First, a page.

In the bin/sbmonitor folder, there is an application called sbmonitor.exe. This tool is the Smartbody Monitor and is used for debugging and interacting with any Smartbody process that it connects to. While the toolkit renderer is running with Smartbody, start the sbmonitor.exe and press the orange button in the top left corner. After a few seconds, you will be connected to the Smartbody process within the toolkit. There are many dialogs and tools that you can use to interact with Smartbody from within the Smartbody Monitor. The Utils tab on the right side of the screen and the menu options under "Tools" on the toolbar provide many options for interacting with Smartbody.

For more detailed instructions, including troubleshooting, on how to run the provided example, please see [[Tutorials:Run Example Domain|here]].

Authors

Authors can create their own virtual humans. They should first get familiar with the basic example character provided with the toolkit: Brad. Brad shows off some of the toolkit elements, in particular natural language interaction and nonverbal behavior. The graphics are simple, the default voice is outdated, and vision and speech recognition are not integrated.

Once you are familiar with the Brad character, you can read up on the technology behind the [[Components]] and some of the [[Tutorials]]. The documentation of these is a work in progress.

Creating a character consists of various elements:
* Natural language, the [[NPCEditor]]. See below for some basic instructions.
* Nonverbal Behavior, the [[NVBG|Nonverbal Behavior Generator]]. You can edit some of the language to behavior rules in C:\vhtoolkit\core\nvb_generator\NVBGenerator\xslt\rule_input_brad.xml. In this file, keywords are associated with certain animations.
* Animations, using a third party application like Maya or 3D Studio Max, in combination with [[SmartBody]] exporters.
* Character and background models, using a third party application like Maya or 3D Studio Max, in combination with [[Ogre]] exporters.
* Textures, using a third party application like Photoshop or Gimp.

Of these, the NPCEditor is the easiest to start with. In the Utterance tab you see questions a human user can ask on the left, and the possible answers on the right. Questions are linked to answers with a certain value from 1 to 6. Usually there are only links with value 6. When you select a question, all answers linked to that question turn green. You can select multiple questions and answers by holding control, thus creating sets of links. If sets are not mapped completely 1 to 1, elements from one set that are only partially linked to elements in the other set will be displayed yellow. If you want to create a 1 to 1 mapping between the sets, select all yellow rows on both sides and set the link value to 6, either by selecting it at the bottom or by using CTRL + 6. Similarly, you can make new links between questions and answers by selecting them and setting the link value. You can add either new questions or answers with the Add button. A new, empty line appears, which you have to select in order to fill in the text field. Be aware that on the answer side, the Compile / Script section might hide the text field. You can drag the compile section down and ignore it.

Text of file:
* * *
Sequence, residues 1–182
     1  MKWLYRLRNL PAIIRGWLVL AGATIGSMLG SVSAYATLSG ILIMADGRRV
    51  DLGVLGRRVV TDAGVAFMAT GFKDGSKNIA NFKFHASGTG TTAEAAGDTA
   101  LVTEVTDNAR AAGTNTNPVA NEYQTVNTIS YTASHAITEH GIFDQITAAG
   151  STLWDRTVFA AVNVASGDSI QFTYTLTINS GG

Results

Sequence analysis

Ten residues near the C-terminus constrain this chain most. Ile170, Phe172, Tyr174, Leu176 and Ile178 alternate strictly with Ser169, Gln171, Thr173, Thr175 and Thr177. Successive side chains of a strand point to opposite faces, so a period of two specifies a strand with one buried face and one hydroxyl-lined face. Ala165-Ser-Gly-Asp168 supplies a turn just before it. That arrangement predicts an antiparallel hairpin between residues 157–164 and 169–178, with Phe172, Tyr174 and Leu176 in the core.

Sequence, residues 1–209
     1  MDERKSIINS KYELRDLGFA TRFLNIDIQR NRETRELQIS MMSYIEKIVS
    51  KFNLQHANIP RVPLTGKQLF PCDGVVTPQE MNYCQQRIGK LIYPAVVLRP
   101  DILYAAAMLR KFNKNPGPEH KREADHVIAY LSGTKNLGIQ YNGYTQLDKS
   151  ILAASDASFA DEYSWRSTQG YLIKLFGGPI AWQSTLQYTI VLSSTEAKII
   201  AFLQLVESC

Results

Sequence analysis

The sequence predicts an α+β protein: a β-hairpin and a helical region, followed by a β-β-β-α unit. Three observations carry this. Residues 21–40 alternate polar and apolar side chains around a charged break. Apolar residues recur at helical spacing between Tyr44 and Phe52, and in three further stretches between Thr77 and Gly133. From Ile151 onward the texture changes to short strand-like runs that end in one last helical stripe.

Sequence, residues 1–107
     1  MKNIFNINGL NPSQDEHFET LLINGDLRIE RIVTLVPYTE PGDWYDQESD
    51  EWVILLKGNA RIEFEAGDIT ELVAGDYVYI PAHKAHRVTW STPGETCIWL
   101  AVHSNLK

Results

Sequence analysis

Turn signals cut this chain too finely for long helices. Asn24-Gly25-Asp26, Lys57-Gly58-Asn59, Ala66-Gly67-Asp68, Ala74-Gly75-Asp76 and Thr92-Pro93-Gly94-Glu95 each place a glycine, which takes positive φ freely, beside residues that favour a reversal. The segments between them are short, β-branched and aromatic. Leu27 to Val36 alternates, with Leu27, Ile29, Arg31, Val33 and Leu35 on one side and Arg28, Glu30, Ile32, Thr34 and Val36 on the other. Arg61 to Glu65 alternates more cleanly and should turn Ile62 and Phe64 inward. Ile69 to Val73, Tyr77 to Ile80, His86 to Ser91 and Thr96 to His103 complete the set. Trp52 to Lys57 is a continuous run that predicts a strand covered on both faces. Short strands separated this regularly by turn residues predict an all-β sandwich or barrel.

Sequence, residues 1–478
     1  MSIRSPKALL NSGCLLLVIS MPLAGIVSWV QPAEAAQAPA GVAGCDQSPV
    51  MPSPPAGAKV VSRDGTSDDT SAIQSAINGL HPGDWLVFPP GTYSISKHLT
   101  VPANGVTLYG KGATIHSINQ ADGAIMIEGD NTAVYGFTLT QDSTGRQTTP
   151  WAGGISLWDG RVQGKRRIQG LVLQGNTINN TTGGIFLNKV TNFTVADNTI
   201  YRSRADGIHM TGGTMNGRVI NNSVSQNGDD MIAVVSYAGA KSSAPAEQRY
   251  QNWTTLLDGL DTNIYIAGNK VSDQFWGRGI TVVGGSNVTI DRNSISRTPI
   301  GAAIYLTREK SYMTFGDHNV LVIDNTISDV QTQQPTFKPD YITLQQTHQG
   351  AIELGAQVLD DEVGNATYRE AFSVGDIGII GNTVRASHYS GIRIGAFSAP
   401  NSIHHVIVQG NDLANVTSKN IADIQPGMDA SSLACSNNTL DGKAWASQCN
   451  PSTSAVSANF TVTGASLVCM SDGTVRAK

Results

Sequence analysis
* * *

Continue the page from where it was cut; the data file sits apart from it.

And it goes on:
Try first to extend the Brad data file (called a plist), before you create a completely new character on your own. First, think of a question Brad cannot currently answer. Try out that question and confirm that Brad says something like "I don't know.". Then, add the new question on the left. All components can stay up for this; you can edit the plist in real time. Also create the answer on the right. Be sure to set the Speaker value to Brad. Now, select both question and answer, and make sure no other elements are selected. Hit CTRL + 6, to link them together, and save your file. Ask the same question again, and Brad should now give the answer you just created. From here on you can let your creativity flow. Have fun!

Developers

Developers can extend toolkit components, use toolkit components in their own systems, or use their own components within the toolkit. First, read up on the [[Architecture]] and [[Components]], and read the [[Tutorials:Develop a New Module|tutorial]] on how to develop a new module. The documentation of these is a work in progress.

The toolkit architecture consists of modules communicating by message passing. The [[Messages]] section defines some of these. You can use the [[Logger]] to get more detailed and practical information. Replacing or using a module means adhering to the existing messaging interface.

If you are interested in extending the components within the toolkit, we would love to hear from you. See the [[Support]] page on how to contact us. Note that not all provided software is open source, and that not all open source software is accessible from a repository. [[SmartBody]] is a SourceForge project, accessible [http://sourceforge.net/projects/smartbody/ here].